4. Water from a Deep Well: Christian Spirituality from Early Martyrs to Modern Missionaries by Gerald L. Sittser.

I have developed a love of the history of Christian spirituality from my friend Michael Hayking. Sittser’s book does an excellent job of engagingly describing the spirituality of the various epochs in church history. We have much to learn from those who went before us!

5. The Emergence of Evangelicalism: Exploring Historical Continuities edited by Michael A. G. Haykin and Kenneth J. Stewart

David Bebbington with his quadrilateral approach to understanding Evangelicalism has clearly had an immense impact on history of Evangelicalism. Haykin and Stewart and other writers interact with Bebbington’s hypothesis about the origin of Evangelicalism and Bebbington replies. Looks to be an excellent volume but sorry folks, only available in the UK right now!

6. Cromwell by Antonia Fraser

Fraser, an excellent biographer, provides for us an in-depth look at the Lord Protector Oliver Cromwell. While she is fairly pro-Cromwell she does not cover over his faults nor does she vilify him like others do. She presents a fair assessment of his life and influence. A must read to understand this crucial point in British history and where Protestant’s ruled Britannia!

7. Preach the Word: Essays on Expository Preaching in Honor of R. Kent Hughes edited by Leland Ryken and Todd Wilson

Hughes was an important pulpiteer that is worthy to be honoured for his work for Christ and His church. With essays by Wayne Grudem, John Macarthur, J. I. Packer, Duane Litfin, D. A. Carson, Philip Ryken and others, this is a must have book for preachers this summer!

8. Cornelius Van Til: Reformed Apologist and Churchman by John R. Muether

Van Til, best known as the developer of Presupositional apologetics was a giant amongst men. His understanding of the Word, theology, philosophy was unparalleled. Yet, he was not an ivory tower theologian, but put his theology into practice as a dedicated churchman. If you are unsure of the life or thought of this man, pick up this biography to shed some much needed light!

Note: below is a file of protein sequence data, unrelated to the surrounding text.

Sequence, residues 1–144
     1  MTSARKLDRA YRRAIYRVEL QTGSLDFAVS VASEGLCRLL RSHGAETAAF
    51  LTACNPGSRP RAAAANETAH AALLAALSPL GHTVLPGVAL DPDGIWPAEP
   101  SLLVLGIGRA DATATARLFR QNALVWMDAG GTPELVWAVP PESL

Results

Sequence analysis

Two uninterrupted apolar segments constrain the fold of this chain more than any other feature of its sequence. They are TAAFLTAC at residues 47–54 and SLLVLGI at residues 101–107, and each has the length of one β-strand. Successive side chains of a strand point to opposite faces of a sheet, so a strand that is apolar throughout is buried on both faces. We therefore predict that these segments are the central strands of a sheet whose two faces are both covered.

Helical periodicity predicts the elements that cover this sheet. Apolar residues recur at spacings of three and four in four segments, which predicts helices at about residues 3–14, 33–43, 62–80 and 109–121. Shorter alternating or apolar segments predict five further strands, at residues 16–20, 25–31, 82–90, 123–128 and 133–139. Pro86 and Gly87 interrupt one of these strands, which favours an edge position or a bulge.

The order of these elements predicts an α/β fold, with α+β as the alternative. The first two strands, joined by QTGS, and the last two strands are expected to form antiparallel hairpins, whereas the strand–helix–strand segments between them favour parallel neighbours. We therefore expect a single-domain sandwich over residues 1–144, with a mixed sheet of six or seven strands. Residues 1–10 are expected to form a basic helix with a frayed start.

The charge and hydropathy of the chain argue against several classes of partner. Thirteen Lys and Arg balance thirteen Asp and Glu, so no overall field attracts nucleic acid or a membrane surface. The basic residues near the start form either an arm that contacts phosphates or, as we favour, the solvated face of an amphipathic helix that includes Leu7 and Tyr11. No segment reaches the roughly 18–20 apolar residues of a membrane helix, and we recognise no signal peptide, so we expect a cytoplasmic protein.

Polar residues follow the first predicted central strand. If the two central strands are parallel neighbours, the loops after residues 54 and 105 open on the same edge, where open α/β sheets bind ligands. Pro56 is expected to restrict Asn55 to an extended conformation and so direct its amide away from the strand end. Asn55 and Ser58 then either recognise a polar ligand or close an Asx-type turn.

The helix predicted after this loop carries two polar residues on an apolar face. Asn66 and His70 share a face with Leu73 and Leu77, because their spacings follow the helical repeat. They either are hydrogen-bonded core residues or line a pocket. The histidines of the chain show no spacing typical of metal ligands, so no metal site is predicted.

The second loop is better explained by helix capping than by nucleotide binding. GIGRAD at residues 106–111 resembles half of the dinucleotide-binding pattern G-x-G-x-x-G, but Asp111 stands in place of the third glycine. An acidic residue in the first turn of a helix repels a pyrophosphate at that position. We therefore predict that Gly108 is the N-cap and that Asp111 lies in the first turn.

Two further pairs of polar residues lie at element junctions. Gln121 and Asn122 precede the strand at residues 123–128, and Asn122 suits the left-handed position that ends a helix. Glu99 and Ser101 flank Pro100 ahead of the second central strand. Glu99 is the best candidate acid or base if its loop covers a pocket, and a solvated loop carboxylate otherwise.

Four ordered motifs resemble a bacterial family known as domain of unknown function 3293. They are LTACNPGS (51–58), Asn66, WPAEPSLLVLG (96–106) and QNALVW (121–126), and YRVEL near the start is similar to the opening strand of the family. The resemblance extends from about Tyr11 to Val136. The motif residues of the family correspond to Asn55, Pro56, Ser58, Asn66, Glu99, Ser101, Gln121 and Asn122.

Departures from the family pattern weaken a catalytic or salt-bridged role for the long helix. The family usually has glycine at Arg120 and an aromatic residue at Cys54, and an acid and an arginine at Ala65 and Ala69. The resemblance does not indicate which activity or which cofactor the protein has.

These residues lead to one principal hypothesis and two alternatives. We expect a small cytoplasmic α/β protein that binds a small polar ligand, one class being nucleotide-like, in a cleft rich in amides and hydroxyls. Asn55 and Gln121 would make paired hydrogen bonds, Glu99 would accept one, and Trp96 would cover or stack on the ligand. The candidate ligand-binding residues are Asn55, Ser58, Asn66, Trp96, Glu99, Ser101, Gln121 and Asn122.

9. In My Place Condemned He Stood: Celebrating the Glory of the Atonement by J. I. Packer and Mark Dever

Packer and Dever amongst any have a singular understanding of the importance of a correct view of the atonement especially as it is manifested in the penal substitutionary approach. This is mandatory reading for all pastors, church leaders, and laypeople to better appreciate the work of Christ on our behalf!

10. Renewing Minds: Serving Church and Society through Christian Education by David S. Dockery

David Dockery is one of the leading minds in the SBC and as President of Union University he is qualified to write about Christian Education. Anyone who cares about Christian Higher Education should read this book. J. I. Packer says, “This is in every way a landmark book!”

New Blog – Between the Times

June 6, 2008

Let me make you aware of a new blog hitting cyberspace. Between the Times is a blog that focuses on a number of topics including theology, culture, mission, the SBC, and book reviews. The first post is already up by Bruce Ashford called “Toward a Great Commission Resurgence in the Southern Baptist Convention: Part One.”